In 2014 the recession, partly a result of the end of the commodities boom, had not yet begun to bite, and household income for most people was still rising. But President Dilma’s victory felt like a loss. Calls for her impeachment began in November 2014, right after her election. She reacted by adopting the economic policies of her opponents, introducing budget cuts that hurt her base of support. The recession deepened, unemployment increased and inflation neared 10%. President Dilma also lost control of Congress, which consists of 28 different parties.

The impeachment case against President Dilma centers around creative accounting, in which the Federal government delayed payments to state banks in order to make the budget deficit look smaller than it really was. Because such techniques are quite common, and were used by previous presidents, this is a controversial case in constitutional terms, and looks like the application of a double standard. However, revelations of corruption under PT rule weakened her position.

In March 2014, prosecutors working for a Federal judge in Curitiba traced a money laundering operation at a car wash back to the partially state-owned oil company Petrobras. Major construction firms were alleged to have overcharged for contracts. The kickbacks were then funneled back to Petrobras executives for their personal enrichment, but also to politicians and parties for their electoral campaigns. These practices went well beyond the PT and involve most of the major parties.

The anti-corruption investigations involve a network of Federal judges, prosecutors at the Federal and state levels in the Federal and state public ministries, and the Federal Police. Some of the increased capacity of these institutions is the result of government policy under the PT. The Federal Police, for example, were expanded, professionalized, and given more resources under President Lula. Other changes are the result of the rise of a new generation of judges and prosecutors who want to vigorously prosecute politicians for practices that in the past were widespread. At times these judicial actors have overstepped their bounds. But overall, the impact of their actions could be positive, by bringing to light previously opaque campaign financing practices.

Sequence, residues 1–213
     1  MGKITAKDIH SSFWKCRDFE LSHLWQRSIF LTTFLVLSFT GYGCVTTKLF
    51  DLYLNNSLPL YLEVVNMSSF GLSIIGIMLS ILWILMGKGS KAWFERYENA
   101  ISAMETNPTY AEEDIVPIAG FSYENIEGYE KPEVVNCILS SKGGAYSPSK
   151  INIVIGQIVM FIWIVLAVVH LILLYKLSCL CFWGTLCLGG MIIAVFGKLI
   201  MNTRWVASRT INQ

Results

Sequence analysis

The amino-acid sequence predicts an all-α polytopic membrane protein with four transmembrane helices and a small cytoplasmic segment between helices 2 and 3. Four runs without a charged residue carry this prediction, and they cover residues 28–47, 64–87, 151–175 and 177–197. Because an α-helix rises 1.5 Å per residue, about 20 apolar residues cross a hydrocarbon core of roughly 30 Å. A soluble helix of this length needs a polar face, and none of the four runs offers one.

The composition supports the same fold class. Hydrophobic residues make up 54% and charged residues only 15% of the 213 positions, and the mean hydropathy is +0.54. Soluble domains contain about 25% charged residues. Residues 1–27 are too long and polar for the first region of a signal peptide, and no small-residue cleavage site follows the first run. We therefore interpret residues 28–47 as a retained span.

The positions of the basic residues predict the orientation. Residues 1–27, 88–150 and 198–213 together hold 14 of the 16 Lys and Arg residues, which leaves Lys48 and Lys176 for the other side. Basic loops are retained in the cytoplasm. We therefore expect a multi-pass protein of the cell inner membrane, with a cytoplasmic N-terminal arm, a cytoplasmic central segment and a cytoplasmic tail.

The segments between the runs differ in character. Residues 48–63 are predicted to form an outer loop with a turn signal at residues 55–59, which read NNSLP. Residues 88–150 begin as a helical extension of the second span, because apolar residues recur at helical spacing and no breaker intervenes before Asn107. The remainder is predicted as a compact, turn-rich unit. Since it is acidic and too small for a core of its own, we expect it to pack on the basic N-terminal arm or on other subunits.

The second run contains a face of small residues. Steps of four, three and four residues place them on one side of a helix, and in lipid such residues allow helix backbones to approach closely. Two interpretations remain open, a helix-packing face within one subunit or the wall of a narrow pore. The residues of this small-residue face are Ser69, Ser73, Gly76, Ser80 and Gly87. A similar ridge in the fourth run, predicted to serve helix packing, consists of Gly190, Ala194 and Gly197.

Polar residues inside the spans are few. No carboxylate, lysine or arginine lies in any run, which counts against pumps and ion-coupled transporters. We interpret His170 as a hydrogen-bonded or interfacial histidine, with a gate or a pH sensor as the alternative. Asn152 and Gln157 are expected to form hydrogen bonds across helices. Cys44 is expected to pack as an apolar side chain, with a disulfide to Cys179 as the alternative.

Where does this leave Brazil? The impeachment trial in the Senate is likely to capture a large television audience. There is a lot at stake for the major players. For President Dilma, impeachment would be a sad end to her political career. For Vice President Michel Temer, it could result in a presidency with a great deal of uncertainty and difficulty. For ex-President Lula, currently acting as an “informal minister” for his successor, it would be a mixed blessing. He could see his protégé stripped of office and his legacy tarnished. But he could also run for president in 2018 (provided he is not prosecuted or otherwise barred from running). With Rousseff gone, he could do this as a member of the opposition, blaming the Temer government for the economy’s ills and posing as a leader capable of righting an injustice committed against his party and the former president.

The present stalemate also raises questions about Brazil’s future. For example, what sort of precedent does the impeachment of President Rousseff set for the country? Can a government with a minimum of cohesion be formed under present conditions in Brazil? How quickly can the economy recover? Can the decreases in poverty and inequality, which have been stalled for the last three years, continue? Do the anti-Dilma protestors only want the removal of the PT from the presidency, or do they also want to roll back the social gains of the less well off? Will the anti-corruption investigations flourish under a non-PT government, or will they lose support when not directed at the PT? And how can the electoral system be reformed so that campaign financing is more transparent?

The answers to these questions are not obvious. They might come into view during the rest of the year, which will see the Olympic Games take place in Rio de Janeiro in August and September and municipal elections in October. For better or worse, Brazil is likely to be the object of international attention for many months to come.

Anthony W. Pereira is a Professor and Director of the Brazil Institute at King’s College London.